On top of this, our hero (antihero? Bad guy?) has a pair of alternative weapons that alter the play in significant ways. The Void Sword, accessible on L1 (or the left bumper) is a heavier, shorter instrument, but one that lets you suck the life of enemies and claim it as your own. The Chaos Claws, found on R1, are similar to God Of War’s gauntlets, letting you smash through enemy armour and specific pieces of scenery. When the combat is allowed to flow, it’s certainly engaging, although the parrying system (again, a lift from God of War) is a little sticky as the transitions from attack animation to parry are slower than you might expect.
Yet Lords Of Shadow 2 often forces you into boss fights that require one of your two alternate weapons, which have to be powered up in a highly irritating manner. The Void Sword and Chaos Claws require orbs – nothing new there – but you can only collect orbs by stringing together a long chain of attacks without being hit. Try doing that when a boss is spamming you with projectiles or an off-screen enemy launches at you with an unblockable attack. This isn’t difficulty by design, it’s just awkwardness.
And back to those stealth sections again, because they really are poor. They break so many unwritten rules. Instant failure is bad enough, but being sent back to a prior section every time you fail is just miserable. There’s no room for trial and error or experimentation, you just have to figure out the solution and laboriously trudge through it. And if you make a mistake, it’s all the way back to the start.
All of this is doubly frustrating because there are times when Lords Of Shadow 2 doesn’t just play well, it soars along. An elongated battle atop, inside and along the outside of a moving train wouldn’t feel out of place in Uncharted, for example, with its dynamic camera angles, criss-crossing gameplay styles and relentless scrap with a fearsome enemy. Or the battle with Medusa; a flawed gem, perhaps, given its reliance on those aforementioned orbs, but a masterclass in artistic enemy design. She looks terrifying and imposing, and felling her is undoubtedly satisfying.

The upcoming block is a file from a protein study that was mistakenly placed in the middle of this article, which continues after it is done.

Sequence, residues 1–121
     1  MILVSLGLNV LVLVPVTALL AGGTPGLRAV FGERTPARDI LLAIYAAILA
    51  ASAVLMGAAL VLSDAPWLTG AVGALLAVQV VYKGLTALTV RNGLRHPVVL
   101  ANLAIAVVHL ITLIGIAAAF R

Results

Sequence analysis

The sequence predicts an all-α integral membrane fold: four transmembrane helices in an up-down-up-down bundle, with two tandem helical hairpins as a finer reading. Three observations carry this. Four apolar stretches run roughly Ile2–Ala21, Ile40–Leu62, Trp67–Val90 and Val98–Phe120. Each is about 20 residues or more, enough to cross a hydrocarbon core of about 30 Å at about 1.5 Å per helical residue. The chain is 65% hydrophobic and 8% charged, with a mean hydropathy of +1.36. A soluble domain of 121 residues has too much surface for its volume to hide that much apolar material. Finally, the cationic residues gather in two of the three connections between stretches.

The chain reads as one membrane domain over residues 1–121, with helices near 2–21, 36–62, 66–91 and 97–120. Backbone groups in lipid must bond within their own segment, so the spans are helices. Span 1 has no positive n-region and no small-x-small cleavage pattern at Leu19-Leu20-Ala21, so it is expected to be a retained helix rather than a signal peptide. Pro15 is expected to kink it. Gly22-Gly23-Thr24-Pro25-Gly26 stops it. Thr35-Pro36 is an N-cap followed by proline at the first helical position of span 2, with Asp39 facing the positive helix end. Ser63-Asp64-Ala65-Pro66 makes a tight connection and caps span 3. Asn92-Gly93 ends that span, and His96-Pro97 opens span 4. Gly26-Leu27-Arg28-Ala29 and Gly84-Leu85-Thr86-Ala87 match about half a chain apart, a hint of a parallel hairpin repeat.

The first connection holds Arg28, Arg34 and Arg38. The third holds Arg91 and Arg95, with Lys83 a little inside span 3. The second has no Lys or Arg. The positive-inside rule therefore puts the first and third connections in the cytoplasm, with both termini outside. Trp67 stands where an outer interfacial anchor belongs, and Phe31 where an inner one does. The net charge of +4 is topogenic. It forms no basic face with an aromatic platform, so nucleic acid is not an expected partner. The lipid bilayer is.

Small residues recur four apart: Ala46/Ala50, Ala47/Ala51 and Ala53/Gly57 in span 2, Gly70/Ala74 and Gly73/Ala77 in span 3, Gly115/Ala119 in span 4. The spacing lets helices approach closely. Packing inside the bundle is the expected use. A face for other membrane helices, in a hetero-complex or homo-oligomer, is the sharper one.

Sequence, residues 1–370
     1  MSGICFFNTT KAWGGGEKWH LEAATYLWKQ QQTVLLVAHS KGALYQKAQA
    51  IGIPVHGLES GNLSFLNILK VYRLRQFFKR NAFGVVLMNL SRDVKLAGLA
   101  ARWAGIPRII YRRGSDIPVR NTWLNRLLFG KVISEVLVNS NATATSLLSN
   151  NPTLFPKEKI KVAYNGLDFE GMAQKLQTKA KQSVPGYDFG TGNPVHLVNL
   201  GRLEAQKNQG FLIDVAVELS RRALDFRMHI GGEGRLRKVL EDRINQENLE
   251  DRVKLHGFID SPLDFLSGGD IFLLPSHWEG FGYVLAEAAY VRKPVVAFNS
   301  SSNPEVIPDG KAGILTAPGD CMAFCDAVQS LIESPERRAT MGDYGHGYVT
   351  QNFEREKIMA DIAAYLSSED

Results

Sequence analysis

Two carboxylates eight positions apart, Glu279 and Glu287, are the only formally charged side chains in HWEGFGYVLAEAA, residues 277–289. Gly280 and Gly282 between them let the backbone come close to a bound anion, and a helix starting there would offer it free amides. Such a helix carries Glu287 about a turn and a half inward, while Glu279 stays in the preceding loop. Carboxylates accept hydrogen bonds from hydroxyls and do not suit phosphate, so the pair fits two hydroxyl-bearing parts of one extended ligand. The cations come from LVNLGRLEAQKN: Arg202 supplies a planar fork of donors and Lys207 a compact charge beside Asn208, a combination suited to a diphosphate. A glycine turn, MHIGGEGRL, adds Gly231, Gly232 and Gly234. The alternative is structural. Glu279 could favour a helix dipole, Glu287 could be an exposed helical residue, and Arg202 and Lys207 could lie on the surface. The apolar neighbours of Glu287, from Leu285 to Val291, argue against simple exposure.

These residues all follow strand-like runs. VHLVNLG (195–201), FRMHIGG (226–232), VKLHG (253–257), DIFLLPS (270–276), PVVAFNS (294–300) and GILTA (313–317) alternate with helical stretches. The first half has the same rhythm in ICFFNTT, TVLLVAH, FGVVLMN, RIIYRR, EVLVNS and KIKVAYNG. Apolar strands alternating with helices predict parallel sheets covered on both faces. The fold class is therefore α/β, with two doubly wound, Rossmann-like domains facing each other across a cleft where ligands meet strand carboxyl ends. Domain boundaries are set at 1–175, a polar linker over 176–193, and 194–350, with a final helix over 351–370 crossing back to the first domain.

This is a genre that often borrows from its competitors as developers figure out the solutions to common problems, but despite Castlevania: Lords Of Shadow 2 ’s regular attempts to impress, it does feel deeply unoriginal. The enemies, although well designed, are cribbed from all sorts of sources. There are bad guys that look like they’re snatched wholesale from DmC, the story borrows liberally from God Of War and, again, DmC, and there are long sections that you’ll swear you’ve played before. What’s the Spanish for deja-vu?
In fact, the game it doesn’t crib enough from is Castlevania itself. While you can backtrack and find secrets in previously explored locations, and there is a sort of open world hub you can walk around, this is not a game structured like its namesake. The weak puzzles just solve themselves for you in a matter of seconds, often before you even realise there’s a puzzle at all. Most involve obvious and telegraphed use of your alternate weapons, but the game rarely lets you experiment or toy with its boundaries. You simply identify the problem and execute the appropriate action, and then continue. MercurySteam laid the foundations for a tremendous action game in the original Lords Of Shadow, but seemingly buckled under the pressure.
This is a game that’s overly ambitious in some rather strange ways, but there’s something to be said for being concise, and some brutal editing would have likely made for a far more beguiling romp through that gothic splendour. A hugely frustrating experience, then. Lords Of Shadow 2 is a game with flair and gusto that constantly bogs itself down with design choices that should have never made it past the first week of studio meetings. Dracula deserves better.